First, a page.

Familial Hypercholesterolemia Treatment

cardiology Dec 08, 2022
Familial Hypercholesterolemia Treatment

Familial Hypercholesterolemia 

Familial hypercholesterolemia is a genetic disorder that gives people very high cholesterol and very early heart disease. It's not unusual to see teenagers with cholesterol levels in the 300-700 range.

Familial hypercholesterolemia can be subdivided into many different categories and classifications and some are worse than other. Some don't respond as well to therapy.

Let's take a deep dive into this very dangerous genetic disorder.


Difference Between Polygenic Hypercholesterolemia and Familial Hypercholesterolemia (Monogenic)?

Monogenic usually means you have one single gene mutation. Polygenic means you have multiple gene mutations.

How do you know if you have true familial hypercholesterolemia (which is monogenic) or polygenic hypercholesterolemia? They are different and confer different risks and lifespans and need to be treated differently based on how aggressive they are. Both can be very dangerous.

Polygenic hypercholesterolemia is due to mutations in many different genes, hence the name polygenic. Polygenic hypercholesterolemia is usually present in about 4.9% of the population. They are at increased CVD risk, but not as bad as monogenic (FH).

Monogenic hypercholesterolemia is usually due to a single gene mutation. This is what we normally call familial hypercholesterolemia. This is generally present in about 0.57% of the population and these individuals are also at increased CVD risk.

Monogenic increases the risk of major adverse cardiac events (MACE) by 93%, whereas polygenic increases MACE by 26%. Both monogenic and polygenic conferred much higher risk than those with elevated cholesterol with no known underlying genetic mutations. 

Read the full article;



Heterozygous Familial Hypercholesterolemia

Heterozygous FH is when you have only one of the alleles, or one gene. Usually this comes from one parent. Homozygous FH is when you have two alleles (two genes) inherited from two parents. The homozygous is worse and usually gives higher LDL and cholesterol levels and confers much greater CVD risk. More on this later.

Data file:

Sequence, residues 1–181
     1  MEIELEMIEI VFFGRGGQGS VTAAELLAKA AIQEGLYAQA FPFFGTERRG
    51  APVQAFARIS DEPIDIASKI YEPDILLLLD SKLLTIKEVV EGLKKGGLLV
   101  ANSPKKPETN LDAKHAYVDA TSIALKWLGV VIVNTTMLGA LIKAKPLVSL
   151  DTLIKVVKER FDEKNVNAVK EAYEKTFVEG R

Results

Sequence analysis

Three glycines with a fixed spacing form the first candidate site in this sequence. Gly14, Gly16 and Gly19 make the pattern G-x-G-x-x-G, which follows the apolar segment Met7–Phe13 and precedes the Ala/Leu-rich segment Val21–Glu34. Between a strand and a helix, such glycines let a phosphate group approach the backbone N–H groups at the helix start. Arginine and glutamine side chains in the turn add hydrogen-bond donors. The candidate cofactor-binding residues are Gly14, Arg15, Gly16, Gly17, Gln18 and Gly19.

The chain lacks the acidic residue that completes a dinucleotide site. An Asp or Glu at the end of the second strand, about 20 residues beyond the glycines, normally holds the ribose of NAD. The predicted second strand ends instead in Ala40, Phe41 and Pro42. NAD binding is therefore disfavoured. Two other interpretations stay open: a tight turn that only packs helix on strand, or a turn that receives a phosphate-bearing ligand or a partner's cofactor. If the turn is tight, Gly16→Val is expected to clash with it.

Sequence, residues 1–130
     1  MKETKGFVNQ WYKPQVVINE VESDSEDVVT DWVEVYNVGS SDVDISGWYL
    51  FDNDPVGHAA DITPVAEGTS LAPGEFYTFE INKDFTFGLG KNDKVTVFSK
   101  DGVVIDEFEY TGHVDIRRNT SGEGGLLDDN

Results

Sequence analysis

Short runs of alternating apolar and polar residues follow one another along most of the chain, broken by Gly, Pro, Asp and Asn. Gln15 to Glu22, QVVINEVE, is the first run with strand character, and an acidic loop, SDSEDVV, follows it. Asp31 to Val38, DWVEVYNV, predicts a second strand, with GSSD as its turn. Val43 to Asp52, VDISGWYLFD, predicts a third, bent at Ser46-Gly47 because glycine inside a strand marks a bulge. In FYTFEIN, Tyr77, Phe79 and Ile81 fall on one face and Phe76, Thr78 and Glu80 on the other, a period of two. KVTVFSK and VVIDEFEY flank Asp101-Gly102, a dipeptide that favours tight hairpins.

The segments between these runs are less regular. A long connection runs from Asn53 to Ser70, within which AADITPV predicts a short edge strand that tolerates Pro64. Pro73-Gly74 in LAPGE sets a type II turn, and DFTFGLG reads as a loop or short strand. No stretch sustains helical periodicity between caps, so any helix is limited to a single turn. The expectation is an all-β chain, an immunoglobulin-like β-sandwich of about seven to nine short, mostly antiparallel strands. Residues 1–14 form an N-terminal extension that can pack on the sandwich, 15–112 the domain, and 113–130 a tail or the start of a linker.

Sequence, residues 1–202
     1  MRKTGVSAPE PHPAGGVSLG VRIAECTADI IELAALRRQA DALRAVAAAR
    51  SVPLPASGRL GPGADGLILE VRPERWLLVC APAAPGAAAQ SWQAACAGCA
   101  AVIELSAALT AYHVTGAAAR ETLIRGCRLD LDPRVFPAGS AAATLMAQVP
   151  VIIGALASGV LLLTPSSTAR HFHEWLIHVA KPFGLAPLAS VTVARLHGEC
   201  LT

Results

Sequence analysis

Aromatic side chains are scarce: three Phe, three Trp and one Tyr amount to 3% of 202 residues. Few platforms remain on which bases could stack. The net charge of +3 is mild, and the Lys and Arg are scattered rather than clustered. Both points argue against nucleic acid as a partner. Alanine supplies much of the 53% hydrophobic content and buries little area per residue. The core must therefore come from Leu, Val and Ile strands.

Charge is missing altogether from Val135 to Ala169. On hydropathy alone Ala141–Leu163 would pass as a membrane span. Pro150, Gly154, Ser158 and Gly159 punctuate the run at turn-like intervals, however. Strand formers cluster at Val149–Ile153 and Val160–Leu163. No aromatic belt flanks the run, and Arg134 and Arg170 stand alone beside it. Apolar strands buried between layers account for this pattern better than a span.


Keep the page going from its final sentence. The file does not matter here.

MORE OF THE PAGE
Homozygous Familial Hypercholesterolemia

This is when you inherit both genes (two genes), one from each parent. This is a more severe and dangerous form of FH. Most of these patients usually die before the age of 20. Below you can read a case of a 5 year old boy who had this and ultimately passed away.



Usually this is diagnosed when a routine fasting lipid panel comes back with an LDL of 190 or higher. This is the easiest way to know that you may have this and needed it treated quite aggressively. People on ketogenic, high saturated fat diets need to come off that diet first, then recheck their lipids. A ketogenic diet will increase LDL levels up to 190 or more sometimes and we need to know if you really have familial hypercholesterolemia or not.

Later on we will discuss how you can figure out if it is monogenic or polygenic FH based on a questionnaire and a scoring system.



Unfortunately, often times there are no symptoms unless it's too late. If you have a more severe form, at a younger age, we can sometimes see some signs on your skin, eyes, and tendons.

People with familial hypercholesterolemia have very high levels of low-density lipoprotein (LDL) cholesterol in their blood. LDL cholesterol is known as "bad" cholesterol because it can build up in the walls of the arteries, making them hard and narrow and causing heart attacks and strokes. We now know that LDL directly causes atherosclerosis.

This excess LDL cholesterol can be deposited in various unusual locations;  skin, some tendons, and around the iris of the eyes.